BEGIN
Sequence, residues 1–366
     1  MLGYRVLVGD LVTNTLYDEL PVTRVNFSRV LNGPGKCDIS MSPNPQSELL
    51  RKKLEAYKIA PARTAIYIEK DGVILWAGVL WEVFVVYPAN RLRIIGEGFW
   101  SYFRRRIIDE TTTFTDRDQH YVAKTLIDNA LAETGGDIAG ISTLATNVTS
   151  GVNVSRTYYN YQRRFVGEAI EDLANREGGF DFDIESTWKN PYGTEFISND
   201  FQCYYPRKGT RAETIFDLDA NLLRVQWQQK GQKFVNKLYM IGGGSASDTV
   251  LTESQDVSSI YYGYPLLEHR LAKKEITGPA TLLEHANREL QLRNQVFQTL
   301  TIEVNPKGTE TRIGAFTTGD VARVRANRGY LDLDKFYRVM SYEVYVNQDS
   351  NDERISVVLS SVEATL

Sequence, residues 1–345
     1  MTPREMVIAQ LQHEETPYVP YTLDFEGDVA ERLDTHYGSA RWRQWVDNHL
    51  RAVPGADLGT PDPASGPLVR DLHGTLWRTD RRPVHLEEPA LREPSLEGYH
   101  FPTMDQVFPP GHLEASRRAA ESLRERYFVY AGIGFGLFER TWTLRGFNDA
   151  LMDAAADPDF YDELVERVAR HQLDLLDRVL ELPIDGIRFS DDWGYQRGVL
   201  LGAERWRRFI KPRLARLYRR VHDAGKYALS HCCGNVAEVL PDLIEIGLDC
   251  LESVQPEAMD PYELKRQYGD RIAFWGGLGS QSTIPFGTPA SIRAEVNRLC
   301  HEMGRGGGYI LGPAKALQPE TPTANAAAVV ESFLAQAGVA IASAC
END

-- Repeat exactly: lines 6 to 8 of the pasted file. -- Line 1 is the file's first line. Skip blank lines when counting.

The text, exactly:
   201  FQCYYPRKGT RAETIFDLDA NLLRVQWQQK GQKFVNKLYM IGGGSASDTV
   251  LTESQDVSSI YYGYPLLEHR LAKKEITGPA TLLEHANREL QLRNQVFQTL
   301  TIEVNPKGTE TRIGAFTTGD VARVRANRGY LDLDKFYRVM SYEVYVNQDS